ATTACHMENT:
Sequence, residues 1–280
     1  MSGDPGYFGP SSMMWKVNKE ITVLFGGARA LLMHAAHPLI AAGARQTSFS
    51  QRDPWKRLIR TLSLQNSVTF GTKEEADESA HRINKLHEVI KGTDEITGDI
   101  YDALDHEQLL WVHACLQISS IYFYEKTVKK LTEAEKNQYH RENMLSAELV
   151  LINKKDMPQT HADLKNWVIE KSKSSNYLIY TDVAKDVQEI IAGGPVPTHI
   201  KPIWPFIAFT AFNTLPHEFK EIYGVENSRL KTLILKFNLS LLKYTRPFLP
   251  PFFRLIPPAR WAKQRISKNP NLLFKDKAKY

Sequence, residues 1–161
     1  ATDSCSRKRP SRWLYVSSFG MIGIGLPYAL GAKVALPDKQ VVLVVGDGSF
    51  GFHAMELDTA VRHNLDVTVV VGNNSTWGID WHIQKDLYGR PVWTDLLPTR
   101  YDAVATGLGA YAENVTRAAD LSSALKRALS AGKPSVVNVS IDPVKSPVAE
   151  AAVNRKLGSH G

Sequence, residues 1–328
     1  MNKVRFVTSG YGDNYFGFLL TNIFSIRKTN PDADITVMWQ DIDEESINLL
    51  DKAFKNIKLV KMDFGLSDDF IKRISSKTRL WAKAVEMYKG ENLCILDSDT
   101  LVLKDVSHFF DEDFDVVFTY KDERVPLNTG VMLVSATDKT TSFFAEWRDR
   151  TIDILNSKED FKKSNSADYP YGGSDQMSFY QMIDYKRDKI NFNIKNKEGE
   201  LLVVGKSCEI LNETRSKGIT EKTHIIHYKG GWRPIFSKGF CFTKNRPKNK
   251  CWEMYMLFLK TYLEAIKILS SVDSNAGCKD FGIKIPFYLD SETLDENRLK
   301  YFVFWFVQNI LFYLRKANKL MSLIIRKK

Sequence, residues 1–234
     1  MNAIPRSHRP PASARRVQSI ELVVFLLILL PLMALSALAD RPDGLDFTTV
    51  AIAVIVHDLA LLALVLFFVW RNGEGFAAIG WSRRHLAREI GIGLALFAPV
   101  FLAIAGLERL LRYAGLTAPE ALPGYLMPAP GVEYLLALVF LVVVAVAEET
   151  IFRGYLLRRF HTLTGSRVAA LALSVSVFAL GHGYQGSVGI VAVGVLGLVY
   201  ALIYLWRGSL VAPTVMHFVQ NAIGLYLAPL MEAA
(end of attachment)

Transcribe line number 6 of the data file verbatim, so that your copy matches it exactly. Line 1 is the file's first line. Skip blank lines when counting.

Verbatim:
   201  KPIWPFIAFT AFNTLPHEFK EIYGVENSRL KTLILKFNLS LLKYTRPFLP